The daffodils reside in a plot no larger than a king-sized bed in the middle of a concrete median/curb-type thing in the middle of Broadway just east of the Flatiron Building. The sun is new for the day, and several of them raise their faces toward it while others lag, and others, somehow already trampled despite the low black fencing around the plot, peer only at the feet of passersby.
I can't bear to look, so I stare straight ahead, and it is then I hear, "The fence is not here to keep others out. It's to keep us in."
Some days I sit here and type something that feels about as natural as wearing a stifling string of pearls, demure twin set, and loafers at a country club. I force words to work even as they're false on my fingers, and I backspace more than advance. What I write reads like such an incredible, soul-shriveling lie that I want to put myself in an old-fashioned washing machine, force the bullshit out in the wringer phase, and then pin myself up to a clothesline with old-fashioned wooden "pegs" to dry to gorgeous perfection with creases I never intend to iron.
My right knee has been clicking for about two months, causing some pain extending to my hip if I move it into certain positions, so instead of dealing with pesky doctors and their MRIs and x-rays and the possibility of having to remove my pants, I assess the situation by placing my ear on my knee, extending the leg, circling the ankle, listening to what sounds like a moped rolling over a sparsely-filled baggie of gravel, and trying hard not to panic because I've just watched 50/50 and thus have no choice but to diagnose myself with late-stage multi-syllabic cancer.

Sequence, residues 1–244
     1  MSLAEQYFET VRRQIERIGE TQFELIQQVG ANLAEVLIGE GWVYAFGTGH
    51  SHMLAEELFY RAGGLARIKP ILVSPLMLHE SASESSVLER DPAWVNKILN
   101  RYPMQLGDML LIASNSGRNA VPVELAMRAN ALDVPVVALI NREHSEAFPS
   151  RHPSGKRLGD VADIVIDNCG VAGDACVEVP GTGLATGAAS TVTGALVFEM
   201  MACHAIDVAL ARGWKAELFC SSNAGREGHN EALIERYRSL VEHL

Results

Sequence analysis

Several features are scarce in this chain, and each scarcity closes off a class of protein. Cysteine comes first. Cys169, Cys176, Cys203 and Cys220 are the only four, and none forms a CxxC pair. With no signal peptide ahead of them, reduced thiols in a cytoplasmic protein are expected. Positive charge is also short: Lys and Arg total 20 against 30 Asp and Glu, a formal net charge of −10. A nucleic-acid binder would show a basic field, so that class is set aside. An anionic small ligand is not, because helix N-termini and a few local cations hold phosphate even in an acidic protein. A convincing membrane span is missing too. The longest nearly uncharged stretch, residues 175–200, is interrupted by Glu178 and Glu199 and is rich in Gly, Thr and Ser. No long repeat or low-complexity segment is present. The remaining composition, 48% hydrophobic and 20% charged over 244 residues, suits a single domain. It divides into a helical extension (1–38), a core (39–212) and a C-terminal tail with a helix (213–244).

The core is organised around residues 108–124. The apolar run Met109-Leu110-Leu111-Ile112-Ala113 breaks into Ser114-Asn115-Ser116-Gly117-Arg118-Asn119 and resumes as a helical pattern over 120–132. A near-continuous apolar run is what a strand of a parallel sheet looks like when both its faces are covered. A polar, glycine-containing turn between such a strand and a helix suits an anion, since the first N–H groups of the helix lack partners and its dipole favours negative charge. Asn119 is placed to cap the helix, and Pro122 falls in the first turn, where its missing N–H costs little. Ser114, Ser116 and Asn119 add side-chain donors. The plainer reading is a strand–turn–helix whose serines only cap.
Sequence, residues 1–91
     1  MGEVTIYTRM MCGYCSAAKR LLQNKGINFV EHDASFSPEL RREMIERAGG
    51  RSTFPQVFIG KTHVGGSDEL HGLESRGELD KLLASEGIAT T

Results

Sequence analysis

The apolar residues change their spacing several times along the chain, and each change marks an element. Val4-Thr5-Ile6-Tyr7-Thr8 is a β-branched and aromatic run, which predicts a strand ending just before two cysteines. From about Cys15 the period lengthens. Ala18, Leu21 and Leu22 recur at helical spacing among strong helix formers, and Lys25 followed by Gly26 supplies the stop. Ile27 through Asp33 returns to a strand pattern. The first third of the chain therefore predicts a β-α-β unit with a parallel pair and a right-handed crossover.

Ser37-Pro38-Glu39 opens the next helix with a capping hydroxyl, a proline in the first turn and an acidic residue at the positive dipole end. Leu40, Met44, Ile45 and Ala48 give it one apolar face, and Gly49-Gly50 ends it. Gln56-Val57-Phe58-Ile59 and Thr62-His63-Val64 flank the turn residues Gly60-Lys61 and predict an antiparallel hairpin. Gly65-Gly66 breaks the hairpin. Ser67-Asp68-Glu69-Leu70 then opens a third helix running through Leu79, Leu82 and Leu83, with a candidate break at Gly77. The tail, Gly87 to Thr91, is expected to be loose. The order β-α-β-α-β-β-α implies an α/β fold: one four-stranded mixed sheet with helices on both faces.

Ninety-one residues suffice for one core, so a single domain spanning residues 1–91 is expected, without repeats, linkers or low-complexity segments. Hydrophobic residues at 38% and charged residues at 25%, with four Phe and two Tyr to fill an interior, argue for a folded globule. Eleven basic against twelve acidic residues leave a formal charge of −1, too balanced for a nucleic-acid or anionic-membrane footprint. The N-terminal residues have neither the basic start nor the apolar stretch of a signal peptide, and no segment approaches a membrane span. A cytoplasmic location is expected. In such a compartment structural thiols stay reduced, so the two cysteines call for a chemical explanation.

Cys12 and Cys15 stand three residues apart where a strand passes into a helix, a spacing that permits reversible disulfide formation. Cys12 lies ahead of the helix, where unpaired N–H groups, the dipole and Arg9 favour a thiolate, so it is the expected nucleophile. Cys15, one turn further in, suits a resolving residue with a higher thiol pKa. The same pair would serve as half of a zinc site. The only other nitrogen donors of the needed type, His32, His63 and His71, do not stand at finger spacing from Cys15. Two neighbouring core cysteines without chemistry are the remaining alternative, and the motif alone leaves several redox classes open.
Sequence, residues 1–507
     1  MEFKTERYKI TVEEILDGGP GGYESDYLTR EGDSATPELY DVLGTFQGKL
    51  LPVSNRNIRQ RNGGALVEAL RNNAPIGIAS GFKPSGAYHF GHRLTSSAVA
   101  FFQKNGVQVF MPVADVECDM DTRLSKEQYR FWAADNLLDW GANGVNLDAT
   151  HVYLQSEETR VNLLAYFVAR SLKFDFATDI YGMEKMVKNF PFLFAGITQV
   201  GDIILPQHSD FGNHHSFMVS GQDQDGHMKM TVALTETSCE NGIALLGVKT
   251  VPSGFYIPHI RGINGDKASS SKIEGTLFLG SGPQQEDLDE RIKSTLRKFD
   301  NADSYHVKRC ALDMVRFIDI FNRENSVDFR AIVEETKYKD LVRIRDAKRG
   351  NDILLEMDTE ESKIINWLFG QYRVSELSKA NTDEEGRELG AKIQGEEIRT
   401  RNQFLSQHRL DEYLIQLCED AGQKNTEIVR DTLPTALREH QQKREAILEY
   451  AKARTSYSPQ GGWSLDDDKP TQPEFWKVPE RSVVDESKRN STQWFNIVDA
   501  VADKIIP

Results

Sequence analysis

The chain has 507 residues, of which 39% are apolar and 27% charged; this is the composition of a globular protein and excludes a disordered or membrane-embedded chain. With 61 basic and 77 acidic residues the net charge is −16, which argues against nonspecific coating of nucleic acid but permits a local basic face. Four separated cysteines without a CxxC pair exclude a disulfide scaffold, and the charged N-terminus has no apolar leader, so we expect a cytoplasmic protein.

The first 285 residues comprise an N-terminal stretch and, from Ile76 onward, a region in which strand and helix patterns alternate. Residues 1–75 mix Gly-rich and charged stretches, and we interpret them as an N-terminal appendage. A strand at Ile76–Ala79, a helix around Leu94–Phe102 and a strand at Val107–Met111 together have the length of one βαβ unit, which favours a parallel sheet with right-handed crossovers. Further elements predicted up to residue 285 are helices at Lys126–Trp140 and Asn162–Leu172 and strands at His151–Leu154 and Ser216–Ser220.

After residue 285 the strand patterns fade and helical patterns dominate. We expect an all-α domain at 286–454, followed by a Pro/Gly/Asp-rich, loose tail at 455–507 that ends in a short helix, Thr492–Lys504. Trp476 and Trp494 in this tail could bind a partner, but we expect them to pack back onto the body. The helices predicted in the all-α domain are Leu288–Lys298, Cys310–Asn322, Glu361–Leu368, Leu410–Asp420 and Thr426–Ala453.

All of a sudden, dumped into my lap like an enormous bowl of wet linguini, is the realization that when I'm old and watching TV or old and going to bed or old and sitting around being sad because I hurt or it's Tuesday, Shana won't be around to share it with. Assuming I get to become old (knock wood) and some dread disease or transportation accident or "act of God" doesn't claim my life first, that is. This propels me to the sofa, and pulling Shana onto my lap, as heavy as wet linguini but a lot more welcome.
Fantasy, every time I get a roll of quarters at the bank:
I stroll over to the coin counter, break the paper roll against its side, empty the coins into the tray, enter my "guess" as $10.16, collect my receipt, get back in line (it's NYC, of course there's a line already), and hand the teller the receipt to claim the prize they owe me for guessing the total of my bounty within the parameters posted in the instructions. Dilemma: Do I toss in a few smaller coins in addition to the 40 quarters so the teller won't be suspicious?